Mulberry Bonsai?

dbonsaiw

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I was clearing out some overgrown yews and boxwoods in my yard and found that some mulberry trees had planted themselves some time ago. One of them got a hefty trunk chop on the way to me getting rid of it and then I decided to simply keep this one and maybe try to develop it into a bonsai. The trunk is around 10" in circumference and there's some decent nebari going on all around. Anyone have experience with white non-flowering mulberries as bonsai?

After trying and failing to kill its sister tree, I can attest that this is one hardy tree and would probably survive nuclear fallout. But will the leaves reduce in size?
 

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Leo in N E Illinois

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Yes, with ramification, leaves will reduce, about one inch is reasonable. Key is ramification. At least 3 degrees, trunk, branch, branch, branch, then leaf, this will be nicely reduced, maybe one inch. Will never get much smaller than an inch, but that's "good enough" for most styles and sizes of bonsai.
 

dbonsaiw

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One inch is more than good enough, especially given the large size this bonsai will likely be.
 

Forsoothe!

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Growing seasons around the world vary widely and it is difficult to get a perspective on what someone says when we don't know where in the world they are. We need to have your info on every post, or you’ll be asked over and over. If you go to the upper right hand corner and click on your Icon, you can add your location and people will be able to customize advice for you, and you might connect with another local.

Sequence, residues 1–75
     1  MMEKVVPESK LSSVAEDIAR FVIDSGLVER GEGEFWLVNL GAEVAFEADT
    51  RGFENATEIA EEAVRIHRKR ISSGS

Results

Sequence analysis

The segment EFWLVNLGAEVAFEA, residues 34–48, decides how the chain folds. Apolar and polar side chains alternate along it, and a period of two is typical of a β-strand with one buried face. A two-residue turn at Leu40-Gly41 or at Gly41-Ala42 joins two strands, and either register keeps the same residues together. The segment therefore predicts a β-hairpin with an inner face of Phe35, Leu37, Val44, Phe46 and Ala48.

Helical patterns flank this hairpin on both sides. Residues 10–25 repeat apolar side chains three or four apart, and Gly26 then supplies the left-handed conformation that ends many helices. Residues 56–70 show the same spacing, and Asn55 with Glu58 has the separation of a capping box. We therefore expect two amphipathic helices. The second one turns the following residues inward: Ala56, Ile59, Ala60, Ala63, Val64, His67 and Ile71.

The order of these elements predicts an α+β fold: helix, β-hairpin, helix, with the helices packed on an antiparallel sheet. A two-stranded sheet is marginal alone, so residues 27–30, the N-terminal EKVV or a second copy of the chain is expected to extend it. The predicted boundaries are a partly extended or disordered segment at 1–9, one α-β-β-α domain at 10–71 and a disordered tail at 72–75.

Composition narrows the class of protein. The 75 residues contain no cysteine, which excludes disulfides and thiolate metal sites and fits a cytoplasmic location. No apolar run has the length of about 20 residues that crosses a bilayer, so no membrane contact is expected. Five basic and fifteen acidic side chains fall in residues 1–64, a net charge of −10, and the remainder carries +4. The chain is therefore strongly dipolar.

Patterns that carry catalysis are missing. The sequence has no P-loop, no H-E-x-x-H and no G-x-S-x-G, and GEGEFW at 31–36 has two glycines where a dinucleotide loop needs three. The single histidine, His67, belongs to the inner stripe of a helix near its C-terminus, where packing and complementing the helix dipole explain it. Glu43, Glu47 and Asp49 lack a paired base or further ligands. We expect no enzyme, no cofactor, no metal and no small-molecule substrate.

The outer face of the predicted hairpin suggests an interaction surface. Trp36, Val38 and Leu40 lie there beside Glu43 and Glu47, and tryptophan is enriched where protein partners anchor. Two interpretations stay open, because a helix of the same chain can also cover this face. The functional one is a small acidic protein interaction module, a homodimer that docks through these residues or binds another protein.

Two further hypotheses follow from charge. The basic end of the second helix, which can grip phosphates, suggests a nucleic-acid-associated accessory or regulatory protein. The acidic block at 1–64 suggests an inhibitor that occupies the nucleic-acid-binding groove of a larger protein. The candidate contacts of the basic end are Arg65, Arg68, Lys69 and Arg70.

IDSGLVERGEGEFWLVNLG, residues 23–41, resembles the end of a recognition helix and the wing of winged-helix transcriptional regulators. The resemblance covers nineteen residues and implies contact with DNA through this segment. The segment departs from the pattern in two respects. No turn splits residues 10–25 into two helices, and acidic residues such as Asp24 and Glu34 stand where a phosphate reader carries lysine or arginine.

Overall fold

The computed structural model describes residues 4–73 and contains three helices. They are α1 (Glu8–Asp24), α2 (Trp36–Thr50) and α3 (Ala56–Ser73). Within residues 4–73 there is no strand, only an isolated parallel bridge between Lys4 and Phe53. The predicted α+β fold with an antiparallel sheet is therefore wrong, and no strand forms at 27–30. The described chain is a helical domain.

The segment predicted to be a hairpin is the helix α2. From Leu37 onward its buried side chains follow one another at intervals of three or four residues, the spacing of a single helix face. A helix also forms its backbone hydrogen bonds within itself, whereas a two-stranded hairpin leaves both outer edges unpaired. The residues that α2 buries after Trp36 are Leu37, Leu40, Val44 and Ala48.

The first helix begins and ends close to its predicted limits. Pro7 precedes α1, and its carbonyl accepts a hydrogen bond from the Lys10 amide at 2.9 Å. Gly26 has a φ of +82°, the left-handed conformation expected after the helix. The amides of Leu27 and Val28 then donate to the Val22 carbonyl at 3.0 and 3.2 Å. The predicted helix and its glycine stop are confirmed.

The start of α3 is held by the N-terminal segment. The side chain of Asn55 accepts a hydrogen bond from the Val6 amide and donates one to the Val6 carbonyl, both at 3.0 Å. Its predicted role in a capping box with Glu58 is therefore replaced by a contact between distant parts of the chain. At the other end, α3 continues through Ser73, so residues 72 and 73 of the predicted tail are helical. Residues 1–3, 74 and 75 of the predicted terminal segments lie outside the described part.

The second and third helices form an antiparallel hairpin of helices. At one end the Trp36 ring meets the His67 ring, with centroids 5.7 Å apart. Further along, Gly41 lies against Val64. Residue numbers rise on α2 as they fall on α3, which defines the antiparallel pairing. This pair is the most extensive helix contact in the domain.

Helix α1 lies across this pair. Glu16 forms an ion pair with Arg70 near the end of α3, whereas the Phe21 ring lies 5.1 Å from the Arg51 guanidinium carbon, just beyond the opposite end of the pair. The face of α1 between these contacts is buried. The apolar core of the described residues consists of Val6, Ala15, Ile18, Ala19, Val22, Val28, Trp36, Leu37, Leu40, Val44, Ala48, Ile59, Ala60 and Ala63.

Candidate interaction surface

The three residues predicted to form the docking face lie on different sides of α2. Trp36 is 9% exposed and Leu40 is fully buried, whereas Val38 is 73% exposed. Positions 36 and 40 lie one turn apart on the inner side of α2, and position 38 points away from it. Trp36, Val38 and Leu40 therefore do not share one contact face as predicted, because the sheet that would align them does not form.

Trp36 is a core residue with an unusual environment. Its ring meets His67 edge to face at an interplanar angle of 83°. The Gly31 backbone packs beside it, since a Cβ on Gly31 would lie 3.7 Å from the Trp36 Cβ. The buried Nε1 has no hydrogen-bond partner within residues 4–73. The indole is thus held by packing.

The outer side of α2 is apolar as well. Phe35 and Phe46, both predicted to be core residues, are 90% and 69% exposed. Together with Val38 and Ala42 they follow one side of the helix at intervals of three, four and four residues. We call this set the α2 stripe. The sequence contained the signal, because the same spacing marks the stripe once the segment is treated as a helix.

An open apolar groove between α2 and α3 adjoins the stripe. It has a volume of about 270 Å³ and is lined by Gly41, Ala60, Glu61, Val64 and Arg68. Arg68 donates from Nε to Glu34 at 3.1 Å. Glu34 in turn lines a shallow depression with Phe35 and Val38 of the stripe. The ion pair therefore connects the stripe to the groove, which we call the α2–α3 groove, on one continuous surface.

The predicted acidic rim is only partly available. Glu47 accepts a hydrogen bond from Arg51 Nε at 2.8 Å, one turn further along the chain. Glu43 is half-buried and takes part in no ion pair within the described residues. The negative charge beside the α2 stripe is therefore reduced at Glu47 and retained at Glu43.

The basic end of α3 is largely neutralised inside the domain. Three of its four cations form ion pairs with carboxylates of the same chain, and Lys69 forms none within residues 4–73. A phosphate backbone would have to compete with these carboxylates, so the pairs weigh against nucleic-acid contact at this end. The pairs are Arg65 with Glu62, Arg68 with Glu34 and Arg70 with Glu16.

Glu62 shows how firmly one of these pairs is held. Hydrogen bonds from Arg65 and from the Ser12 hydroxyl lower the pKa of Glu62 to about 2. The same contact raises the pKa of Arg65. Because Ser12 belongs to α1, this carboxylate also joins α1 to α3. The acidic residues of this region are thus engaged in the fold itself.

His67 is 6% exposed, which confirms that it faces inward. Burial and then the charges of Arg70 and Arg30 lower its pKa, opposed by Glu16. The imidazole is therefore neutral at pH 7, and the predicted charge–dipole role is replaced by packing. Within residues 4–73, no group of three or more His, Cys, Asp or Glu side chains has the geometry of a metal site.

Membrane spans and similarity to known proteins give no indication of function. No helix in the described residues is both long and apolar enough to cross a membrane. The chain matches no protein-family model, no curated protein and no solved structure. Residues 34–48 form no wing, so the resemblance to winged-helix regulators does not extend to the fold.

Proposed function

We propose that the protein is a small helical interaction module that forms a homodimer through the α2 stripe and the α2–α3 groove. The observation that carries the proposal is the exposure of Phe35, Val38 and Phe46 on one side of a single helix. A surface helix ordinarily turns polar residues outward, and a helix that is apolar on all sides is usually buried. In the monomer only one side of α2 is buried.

<<<<< It will show here.
 

Joe Dupre'

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I have a few mulberries and they do grow well. The leaves reduce to about 1" as others have said. I find the branches take a while to bulk up. They'll grow long and vigorous, but it takes a few years to build size and taper. One with long, spidly branches had just a few ratty looking leaves left so I just went ahead and did my "winter" pruning. Danged if it didn't leaf out again. Tough customers.
 

Forsoothe!

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One of the most flexible and forgiving trees for bonsai, and a member of the same family as figs. Many that are found in the landscape as weeds are crosses between the native Red and the Chinese White that is the weeping tree common in the north. I use them in all sizes from accents...
Accents AVC naMy a, b, & c 2021_1005 SQ.jpg
...To small ~shohin~ trees ...
My S 1, 2, & 3 2021_0918 hedged.jpg
My S 4 2021_0918 hedged.jpg
...To full sized about 18" tall...
MyL 2020_0803 Edit.JPG
They tolerate root work well, small, low pots, and better than that are free thanks to your feathered friends!
 

Crawforde

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I have one that I started as a cutting in a Rotting log this year (the famous Root through Rot style). It’s almost an inch thick already and has been cut back every time it gets big enough to get in the way. I cut a branch off recently, it grew back and flowered. That one is a red mulberry, but I do have a couple of whites as well. They are nowhere near as hardy or fast growing, only about three times as tough and as fast as other trees. 😉
 

Eckhoffw

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I love the juvenile to mature leaf shapes.
 
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I have one I collected in spring. Horrible collection. Got 2 roots

It done well since and a little digging shows it’s put out a bunch of roots

Trunk is only 1 1/4” in diameter

I may attempt an air layer next year
 

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